As if that weren’t enough, your mouth decided it was all or nothing. When I looked in to check on your one little tooth coming down, there were THREE others coming in with it, giving you a total of six teeth total. As a result you’ve decided chewing on anything and everything is your favorite activity.
Pretzel sticks are your very favorite thing to chew. We’ve started introducing a few solids to you too. Squash and zucchini have gone over well, as has pineapple. You like just about all foods with the great exception of yogurt. I’m not giving up on it yet though.
This past month you also finally managed to say “Mama,” but the conversation went something like this:
Norah: “Ma ma ma ma!
Me: “Norah! Did you just say mama?”
Norah: After a long pause, “Da da!”
Still though, she can say it!
Norah is happy nearly all the time, with the great exception of bed time when she really wants to just go to sleep, thankyouverymuch.
She continues to love bath time, her sister, eating her sister’s toys, trying to eat leaves, paper and onion skins.
Norah is such a social baby. She has no fear of anyone and will happily leap into anyone’s arms (a stark contrast from her sister).
We put her in the swimming pool last week. I held her on her belly and she kicked her legs in the water like she had been doing it her whole life.
In the past few nights she has stolen her sister’s sippy cup and drank out of it like she had been doing it her whole life.
She’s also figured out how to clap and dance. Singing and music bring both out in her, and she always laughs and smiles with joy when she gets her hands going.
Sarah started taking swimming lessons with her cousin Jacob last week. They are taking private lessons with a friend of mine from high school who has been teaching lessons for years. When we arrived at the pool, the kids had very different reactions.
Sarah immediately panicked and refused to get in the water past the first step. Jacob plunged in like he was a merman come home. The lessons proceeded accordingly with Sarah screaming and crying when the instructor tried to convince her to get in, and Jacob attempting to march off to the deeper end of the pool on his own with no flotation devices. Pretty soon Jacob was on the kickboard, looking to all the world like the next Olympic champion. Sarah slowly warmed up, and by mid lesson was blowing bubbles in the water before crying that water got in her eyes.
We kept an eye on them both the whole time from the poolside, while we simultaneously held babies and talked. Thank goodness we were watching because Jacob, in his confidence, went a little too far into the pool, while the teacher was on the opposite side of the pool with Sarah, and suddenly he was in too deep. For a moment that seemed to stretch into eternity, we saw him start to scramble and go under. Shannon and I raced to the pool with babies in our arms. I honestly can’t remember the next few moments exactly. All I know is that I saw Shannon jump in the pool while still holding Norah, and then I started to panic as I tried to figure out how to also rescue my baby while holding a one month old. Fortunately, my sister kept her cool and somehow managed to tilt and angle her body so Norah stayed above the water while she simultaneously rescued Jacob with the other arm. I immediately reached in and grabbed Norah from Shannon with my one free arm.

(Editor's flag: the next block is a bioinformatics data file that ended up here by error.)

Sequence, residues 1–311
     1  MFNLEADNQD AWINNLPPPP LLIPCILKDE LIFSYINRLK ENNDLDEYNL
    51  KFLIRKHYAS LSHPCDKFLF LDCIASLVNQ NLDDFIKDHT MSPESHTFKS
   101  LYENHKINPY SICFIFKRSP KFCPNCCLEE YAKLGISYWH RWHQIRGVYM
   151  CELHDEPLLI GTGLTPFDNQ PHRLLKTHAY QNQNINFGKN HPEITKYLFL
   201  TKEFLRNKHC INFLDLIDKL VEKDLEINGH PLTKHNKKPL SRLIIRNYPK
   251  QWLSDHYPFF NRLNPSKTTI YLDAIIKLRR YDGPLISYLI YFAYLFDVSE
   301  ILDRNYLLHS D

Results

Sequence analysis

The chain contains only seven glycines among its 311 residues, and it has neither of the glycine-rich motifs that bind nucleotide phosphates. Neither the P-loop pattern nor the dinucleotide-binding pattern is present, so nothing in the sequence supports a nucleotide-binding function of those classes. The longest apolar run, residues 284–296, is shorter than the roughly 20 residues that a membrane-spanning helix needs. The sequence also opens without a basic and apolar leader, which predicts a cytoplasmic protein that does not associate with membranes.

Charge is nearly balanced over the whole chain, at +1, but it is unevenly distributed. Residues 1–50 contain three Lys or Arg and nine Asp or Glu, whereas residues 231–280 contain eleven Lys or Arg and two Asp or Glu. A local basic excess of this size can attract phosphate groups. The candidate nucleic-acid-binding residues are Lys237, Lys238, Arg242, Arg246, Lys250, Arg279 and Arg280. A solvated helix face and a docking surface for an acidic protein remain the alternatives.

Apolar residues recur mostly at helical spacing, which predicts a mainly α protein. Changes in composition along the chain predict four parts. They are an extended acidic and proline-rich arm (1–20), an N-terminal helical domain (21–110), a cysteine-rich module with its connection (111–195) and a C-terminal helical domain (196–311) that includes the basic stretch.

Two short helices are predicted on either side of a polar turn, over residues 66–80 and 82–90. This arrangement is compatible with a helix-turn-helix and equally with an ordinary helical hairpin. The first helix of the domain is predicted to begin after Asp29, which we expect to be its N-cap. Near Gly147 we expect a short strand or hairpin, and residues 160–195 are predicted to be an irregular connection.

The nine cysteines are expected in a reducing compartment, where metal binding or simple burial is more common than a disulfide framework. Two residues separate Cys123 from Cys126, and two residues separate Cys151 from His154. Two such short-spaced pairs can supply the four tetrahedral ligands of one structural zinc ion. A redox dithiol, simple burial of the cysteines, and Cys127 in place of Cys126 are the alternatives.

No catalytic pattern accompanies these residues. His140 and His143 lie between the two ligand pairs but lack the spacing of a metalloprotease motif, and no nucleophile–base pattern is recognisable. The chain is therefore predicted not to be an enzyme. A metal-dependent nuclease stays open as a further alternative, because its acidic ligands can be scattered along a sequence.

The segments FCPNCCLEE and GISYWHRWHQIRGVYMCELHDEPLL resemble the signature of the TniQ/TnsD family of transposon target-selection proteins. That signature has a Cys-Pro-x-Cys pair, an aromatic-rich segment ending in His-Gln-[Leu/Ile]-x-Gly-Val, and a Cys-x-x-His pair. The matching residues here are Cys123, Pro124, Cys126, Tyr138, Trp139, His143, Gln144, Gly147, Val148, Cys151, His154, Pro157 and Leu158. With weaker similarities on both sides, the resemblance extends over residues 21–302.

Just like that the moment of panic was over and everyone was ok, at least physically.
We quickly discovered, however, that our little merman no longer had any desire to get back in the swimming pool. We made him take one last lap around while holding on to the teacher, and he grudgingly obliged, but he was not happy.
Fast forward to this past weekend. We went over to a friend of Shannon’s to go swimming. We had high hopes that we would get Jacob in a floaty and in the pool with his mama and show him everything was fine and safe – no such luck. Jacob wanted nothing to do with the pool – he refused to even get his feet wet. He cried and cried at our many attempts and suggestions to get him in. At one point he stepped in ants and still refused to dip his poor little ravaged feet in the water.
Sarah, who is getting a little braver each day, sat on the top step of the pool, patted the space next to her and asked Jacob to sit by her. No luck.
We go back for our next lesson on Thursday. I have complete faith that their instructor will help him overcome the fear as much as possible, but is there any way that you can think of that will help him get near the pool again?
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- April 2010
- March 2010
She's One Lucky Dog
Purpose Driven Mom
Sisters From Different Misters
Neil Gaiman's Journal
It's Just a Bunch of Hocus Pocus
Pretty Princess of the Port
Yes and Yes